#2 ARGUMENTS STILL HAPPEN, BUT THEY’RE DIFFERENT NOW
Throughout our marriage, my husband and I argued about almost everything. From where to go out to eat to how to discipline the kids to why sticking the satellite dish in the front yard near the road was not a good idea. It was kind of our schtick. Opposites attract? Absolutely, but they also argue. He threw away his 2016 vote on Gary Johnson for Pete’s sake; how could I NOT argue with him?
Although it wasn’t necessarily good for our kids to hear us fighting, we did show them that people who love each other can disagree with each other and still love each other. Our arguments were never physical but did involve button-pushing, creative cursing, and gender insults, but they also led to eventual apologies.
Until he got cancer.
The first month after his diagnosis we didn’t fight at all. We were eerily quiet with each other, sometimes just staring at one another. Then chemo happened, and he was miserable and scared and grumpy and I was tired and scared and grumpy. Our arguments inevitably returned, except they were different now, becoming very short and very intense. They went something like this:
ME: “I know you don’t feel well, but don’t take it out on the kids.”
HIM: “I’m sorry.”
ME: “I know.”
or something like:
HIM: “You’re taking the long way again. Just get on 20. Why do you have to drive like that?! Turn here, turn there, turn back there.”
ME: “I know my way home. You’re being an asshole.”
HIM: “I’m sorry.”
ME: “I know.”
#3 HEALTH CARE IS FILLED WITH BUREAUCRATIC DELAYS AND THE COSTS ARE INSANE
My husband was diagnosed in the ER and released the same day on November 2, 2017 but before insurance would pay for any treatment, he had to follow “the chain of referrals.” First, we had to scramble to find an available doctor to serve as his primary care physician since he didn’t have one. TIP: even if you rarely go to the doctor–make sure you have a primary care physician on record! The primary care physician had to do an intake exam November 6, before he could refer my husband to a specialist: gastroenterologist (liver doctor). The gastroenterologist didn’t have an opening to see him until the following week. The ONLY reason we were able to move that appointment up to November 8, was because we have a close friend who is a physician who pulled some strings. But we couldn’t get the referral to the oncologist (cancer doctor) until the gastroenterologist scheduled a biopsy with a radiologist, November 13. At the first appointment with the oncologist, November 21, he told us to get my husband’s affairs in order because he only had TWO WEEKS TO LIVE WITHOUT IMMEDIATE CHEMO. Yes, you are reading this correctly. Nineteen days had elapsed between being told he had cancer to actually seeing a cancer doctor. I can’t even imagine what it would’ve been like if he’d died because the chain of referrals had taken four weeks or five weeks instead of nearly three.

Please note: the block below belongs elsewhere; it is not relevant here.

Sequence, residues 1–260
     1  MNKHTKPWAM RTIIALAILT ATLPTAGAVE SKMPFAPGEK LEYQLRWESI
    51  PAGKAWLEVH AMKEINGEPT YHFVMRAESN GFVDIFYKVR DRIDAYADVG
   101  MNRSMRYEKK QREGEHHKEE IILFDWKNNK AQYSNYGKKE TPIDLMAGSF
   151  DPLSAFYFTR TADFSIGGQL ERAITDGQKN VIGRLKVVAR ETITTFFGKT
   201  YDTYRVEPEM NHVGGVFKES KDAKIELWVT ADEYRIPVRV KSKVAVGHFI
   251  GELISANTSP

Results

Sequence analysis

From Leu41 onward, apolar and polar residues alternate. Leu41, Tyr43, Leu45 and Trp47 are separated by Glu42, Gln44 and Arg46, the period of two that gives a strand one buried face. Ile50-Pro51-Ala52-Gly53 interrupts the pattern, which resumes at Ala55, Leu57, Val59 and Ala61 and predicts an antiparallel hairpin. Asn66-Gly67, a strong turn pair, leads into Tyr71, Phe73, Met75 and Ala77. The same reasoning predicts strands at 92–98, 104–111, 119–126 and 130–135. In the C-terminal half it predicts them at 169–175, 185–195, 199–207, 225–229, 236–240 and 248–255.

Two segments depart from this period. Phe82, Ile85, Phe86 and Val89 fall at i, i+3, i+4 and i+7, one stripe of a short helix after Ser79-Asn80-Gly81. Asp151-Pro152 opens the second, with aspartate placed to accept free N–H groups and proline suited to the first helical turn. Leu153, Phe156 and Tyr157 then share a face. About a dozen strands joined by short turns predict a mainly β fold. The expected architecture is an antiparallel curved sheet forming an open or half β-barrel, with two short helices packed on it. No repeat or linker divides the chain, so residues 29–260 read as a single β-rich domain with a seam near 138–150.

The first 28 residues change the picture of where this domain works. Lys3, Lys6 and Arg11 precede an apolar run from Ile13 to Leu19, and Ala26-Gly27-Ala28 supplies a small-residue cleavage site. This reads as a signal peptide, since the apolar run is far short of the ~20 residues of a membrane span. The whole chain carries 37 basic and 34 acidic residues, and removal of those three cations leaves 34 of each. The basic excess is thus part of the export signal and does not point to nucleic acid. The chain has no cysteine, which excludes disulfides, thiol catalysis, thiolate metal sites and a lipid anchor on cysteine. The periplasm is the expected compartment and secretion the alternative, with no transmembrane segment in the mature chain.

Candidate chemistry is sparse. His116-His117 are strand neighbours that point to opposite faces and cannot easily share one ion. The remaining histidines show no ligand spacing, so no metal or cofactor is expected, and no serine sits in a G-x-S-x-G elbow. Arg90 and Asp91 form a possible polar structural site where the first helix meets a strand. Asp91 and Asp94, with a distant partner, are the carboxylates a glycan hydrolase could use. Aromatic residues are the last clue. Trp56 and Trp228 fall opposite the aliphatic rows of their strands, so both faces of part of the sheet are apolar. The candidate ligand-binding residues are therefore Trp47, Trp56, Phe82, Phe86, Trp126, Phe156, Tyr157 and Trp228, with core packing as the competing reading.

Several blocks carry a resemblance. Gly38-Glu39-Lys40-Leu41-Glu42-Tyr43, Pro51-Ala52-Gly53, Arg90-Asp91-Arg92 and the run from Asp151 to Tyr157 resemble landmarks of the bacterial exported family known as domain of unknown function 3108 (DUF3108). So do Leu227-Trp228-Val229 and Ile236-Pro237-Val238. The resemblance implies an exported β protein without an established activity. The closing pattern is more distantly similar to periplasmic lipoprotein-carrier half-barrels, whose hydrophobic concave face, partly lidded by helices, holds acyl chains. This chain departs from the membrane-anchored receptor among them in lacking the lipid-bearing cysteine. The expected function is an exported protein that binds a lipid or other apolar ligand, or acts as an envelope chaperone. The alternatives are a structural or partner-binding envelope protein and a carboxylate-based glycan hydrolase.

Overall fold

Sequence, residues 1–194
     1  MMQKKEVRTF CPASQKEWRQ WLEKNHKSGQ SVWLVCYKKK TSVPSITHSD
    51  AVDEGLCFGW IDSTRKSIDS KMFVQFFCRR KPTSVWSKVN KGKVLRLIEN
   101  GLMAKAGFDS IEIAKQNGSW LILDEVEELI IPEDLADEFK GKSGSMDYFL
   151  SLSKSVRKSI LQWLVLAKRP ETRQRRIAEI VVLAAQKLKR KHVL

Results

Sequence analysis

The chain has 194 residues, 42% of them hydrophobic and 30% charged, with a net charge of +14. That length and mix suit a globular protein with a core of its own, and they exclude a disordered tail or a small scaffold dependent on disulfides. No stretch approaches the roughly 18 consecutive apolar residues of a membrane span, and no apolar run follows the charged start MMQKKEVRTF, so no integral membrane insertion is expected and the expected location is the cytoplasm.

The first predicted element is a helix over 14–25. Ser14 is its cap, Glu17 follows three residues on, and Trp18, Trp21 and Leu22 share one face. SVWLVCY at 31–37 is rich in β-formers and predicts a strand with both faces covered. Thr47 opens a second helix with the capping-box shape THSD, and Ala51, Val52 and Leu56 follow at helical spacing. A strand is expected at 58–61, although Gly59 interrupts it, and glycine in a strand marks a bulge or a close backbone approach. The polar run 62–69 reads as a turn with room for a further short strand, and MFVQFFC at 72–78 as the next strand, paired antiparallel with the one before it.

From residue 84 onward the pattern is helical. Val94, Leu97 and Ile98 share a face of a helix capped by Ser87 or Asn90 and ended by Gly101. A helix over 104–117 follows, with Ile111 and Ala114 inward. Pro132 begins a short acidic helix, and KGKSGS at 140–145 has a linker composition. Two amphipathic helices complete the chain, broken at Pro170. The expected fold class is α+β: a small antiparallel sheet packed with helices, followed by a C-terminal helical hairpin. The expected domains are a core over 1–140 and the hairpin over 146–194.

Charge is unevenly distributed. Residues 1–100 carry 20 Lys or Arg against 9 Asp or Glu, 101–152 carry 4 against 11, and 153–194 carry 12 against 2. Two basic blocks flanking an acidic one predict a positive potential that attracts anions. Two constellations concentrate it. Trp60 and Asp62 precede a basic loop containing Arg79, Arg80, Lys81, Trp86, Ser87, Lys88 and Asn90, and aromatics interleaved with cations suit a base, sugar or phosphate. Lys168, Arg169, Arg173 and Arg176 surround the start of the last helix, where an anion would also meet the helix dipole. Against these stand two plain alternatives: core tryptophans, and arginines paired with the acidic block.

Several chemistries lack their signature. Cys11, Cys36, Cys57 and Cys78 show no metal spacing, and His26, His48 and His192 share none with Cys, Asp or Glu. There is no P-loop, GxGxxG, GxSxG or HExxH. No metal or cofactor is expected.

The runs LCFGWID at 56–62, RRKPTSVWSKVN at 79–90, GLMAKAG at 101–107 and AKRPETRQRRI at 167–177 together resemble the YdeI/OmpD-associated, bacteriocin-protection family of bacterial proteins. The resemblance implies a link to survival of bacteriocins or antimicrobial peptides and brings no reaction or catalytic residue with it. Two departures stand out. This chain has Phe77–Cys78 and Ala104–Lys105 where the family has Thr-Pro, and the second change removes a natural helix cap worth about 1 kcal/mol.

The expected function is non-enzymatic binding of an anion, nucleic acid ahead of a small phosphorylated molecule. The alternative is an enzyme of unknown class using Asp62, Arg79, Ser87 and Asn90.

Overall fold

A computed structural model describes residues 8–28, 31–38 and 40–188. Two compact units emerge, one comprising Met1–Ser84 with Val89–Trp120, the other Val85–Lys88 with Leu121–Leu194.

We have decent health insurance through my husband’s employer, (some would call it a Cadillac plan) but we still ended up paying tens of thousands of dollars for his treatments. And because his illness started the end of one calendar year and continued through the beginning of the next, we had to pay all his annual deductibles twice. We ended up cashing in a 401K from one of his previous employers and taking the tax penalty. The health care bills are still rolling in 4 months after his death. I still haven’t seen a hospice bill yet and we’re supposed to pay 10% of that total, whatever it ends up to be. Apparently it’s a secret.
I never used to think about things like “lifetime insurance caps”, or “negotiated reduction in allowable charges” but my family was the beneficiary of those recent changes in health insurance coverage requirements through the Affordable Care Act. Without those changes, we might’ve had to declare bankruptcy (link) like some others have had to do.
Think I’m exaggerating? How about one injection to boost his white blood cell count after chemotherapy that cost $27,631.42 (we paid about $780). He had THREE of them. One in November, one in December, and one in January.
#4 CANCER AND ITS TREATMENT IS UGLY
It was pain that brought him to the emergency room where he received his diagnosis. The CT scan of his liver showed it had expanded to 3x its normal size and was pressing on his ribcage, lungs, and internal organs. Apparently the liver itself doesn’t have any nerve cells, but the capsule of thin tissue (link) that surrounds the liver does. It wasn’t until that liver capsule stretched and started pressing on other body parts that he began to feel pain: excruciating pain that only morphine could touch. Of course up until the oncologist prescribed morphine, all the other doctors prescribed Tylenol, Ibuprofen and Hydrocodone. Because, you know, we wouldn’t want an addiction problem for someone who is dying.